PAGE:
Urban Cinefile
"Clark Gable was coming out of the MGM gate with his arms full of stuff from his dressing room and only the cop at the gate said goodbye "  -Rod Taylor on his early days in Hollywood
 The World of Film in Australia - on the Internet Updated Tuesday September 15, 2020 

Printable page PRINTABLE PAGE



The actor as large as many of his roles will best be remembered as Judah Ben-Hur, for which he won his only acting Oscar. But he achieved much more than that, writes Geoff Gardner.

I can still remember the Oscar night when Charlton Heston was, allegedly, running late and Clint Eastwood was piled onto the stage and into the opening moments to mumble his way through some formalities until, in nick of time Heston raced down the aisle and took over, his stentorian voice at full throttle, giving us back the due gravitas the evening demands, enhancing Heston’s reputation and getting an almighty roar. Heston had become like that, a symbol rather than an actor.

Getting to that position happened largely thanks to the break he got from Cecil B De Mille who put him in The Greatest Show on Earth in 1952 and in The Ten Commandments in 1956. With one significant exception he spent the best part of the next decade in big parts for big, often old, directors. There’s probably little need to mention the titles but here are some anyway, their ambition reflected in their titles alone - The Big Country, Ben Hur, The Buccaneer, El Cid, 55 Days at Peking, The Greatest Story Ever Told (as John the Baptist, not Jesus Christ), Major Dundee, The Agony and the Ecstasy, Khartoum and Planet of the Apes. Quite a few of them were huge successes and the last mentioned was a box office Goliath that spawned a lucrative, seemingly endless, franchise for 20th Century Fox.

"no mere piece of beefcake with a deep voice and stunning jawbone"

Heston was no mere piece of beefcake with a deep voice and stunning jawbone. He had plenty of ambition and that was reflected later in life when, after being President of the left-leaning Screen Actors Guild and Chairman of the American Film Institute he became associated with, and the public face of, the National Rifle Association, American’s influential pro-gun lobby group. Ironically this led to his last appearance on film, when he was ambushed and ridiculed by Michael Moore, and appeared somewhat confused, in Moore’s doco on American gun culture Bowling for Columbine.

But he had his great moments and none was greater than his insistence that he would only appear in Albert Zugsmith’s production Touch of Evil if Orson Welles was signed on as director as well as actor. Out of such serendipity are masterpieces made, even if it took forty or more years for the film to be released in something like Welles’ cut.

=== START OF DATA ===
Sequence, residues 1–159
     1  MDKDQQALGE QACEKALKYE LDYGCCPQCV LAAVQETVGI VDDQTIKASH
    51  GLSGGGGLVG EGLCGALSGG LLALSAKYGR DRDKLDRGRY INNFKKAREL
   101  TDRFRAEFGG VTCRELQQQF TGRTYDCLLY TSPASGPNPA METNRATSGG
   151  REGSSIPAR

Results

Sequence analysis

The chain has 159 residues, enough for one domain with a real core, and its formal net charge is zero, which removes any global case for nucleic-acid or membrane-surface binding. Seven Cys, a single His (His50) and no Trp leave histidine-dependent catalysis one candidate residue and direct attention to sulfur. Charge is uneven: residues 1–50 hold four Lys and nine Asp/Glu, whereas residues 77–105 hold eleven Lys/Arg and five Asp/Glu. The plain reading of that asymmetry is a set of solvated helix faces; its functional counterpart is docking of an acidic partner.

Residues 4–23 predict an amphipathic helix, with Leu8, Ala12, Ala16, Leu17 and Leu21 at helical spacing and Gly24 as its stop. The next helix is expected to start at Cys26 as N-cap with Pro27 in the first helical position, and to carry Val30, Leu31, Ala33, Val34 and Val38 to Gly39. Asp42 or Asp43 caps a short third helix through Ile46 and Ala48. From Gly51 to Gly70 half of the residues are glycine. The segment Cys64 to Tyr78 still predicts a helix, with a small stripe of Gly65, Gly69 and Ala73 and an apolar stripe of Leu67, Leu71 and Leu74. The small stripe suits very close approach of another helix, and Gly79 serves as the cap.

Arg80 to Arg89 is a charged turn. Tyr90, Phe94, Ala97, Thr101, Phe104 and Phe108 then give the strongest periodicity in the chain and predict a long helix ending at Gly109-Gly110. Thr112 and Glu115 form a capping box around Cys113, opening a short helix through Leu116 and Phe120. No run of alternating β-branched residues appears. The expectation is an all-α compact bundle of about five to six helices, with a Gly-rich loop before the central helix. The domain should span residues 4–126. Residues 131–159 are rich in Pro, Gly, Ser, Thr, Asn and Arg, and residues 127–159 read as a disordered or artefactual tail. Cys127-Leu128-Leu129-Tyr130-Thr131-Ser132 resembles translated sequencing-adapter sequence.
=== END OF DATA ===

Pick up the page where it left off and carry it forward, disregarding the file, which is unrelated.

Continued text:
Like many actors of his day he loved working. After appearing in two 16mm movies for David Bradley he got to Hollywood in 1950 and hardly stopped getting onto the set for another five decades. His ‘debut’ in William Dieterle’s Dark City was followed by the first of three for De Mille and he seemed to make close to a couple a year after that. Heston’s ruggedness, his athletic torso and chiseled face made him a natural for parts with gravitas though there were moments when he could display an unusual sense of tenderness. His memorable title role in Peckinpah's Major Dundee required him to exhibit a giant inferiority complex when it came to dealing with women and his fellow officers. In a way it was a most interesting variation on the rigorous over-bearing, bull-headedness that many of his major parts called for.

He directed a couple himself, playing Antony in Antony and Cleopatra (1972) and playing twins in Mother Lode (1982). Traces of those films are hard to find. He also appeared in several films directed by his son Fraser. His last film, directed by Fraser, was The Last Man Club, made in 2001.

"a host of successful movies"

Heston’s conservative leanings, more pronounced as he grew older, probably estranged him from much of modern Hollywood. But his long career is littered with a host of successful movies and his appearances in many of the star turns of the golden age of blockbusters in the late 50s and 60s will keep his memory alive as long as there is cable TV and the DVD.

The unforgettable chariot race in Ben Hur (1959)
Published: April 10, 2008

Email this article

Charlton Heston
Born St Helen, Missouri, 4/10/1924
died 5/4/2008, Los Angeles.
Aged 84

... in Ben Hur

... in Planet of the Apes

... in Touch of Evil

... accepting Jean Hersholt Award (1978) at 50th Academy Awards with Bette Davis

© Urban Cinefile 1997 - 2020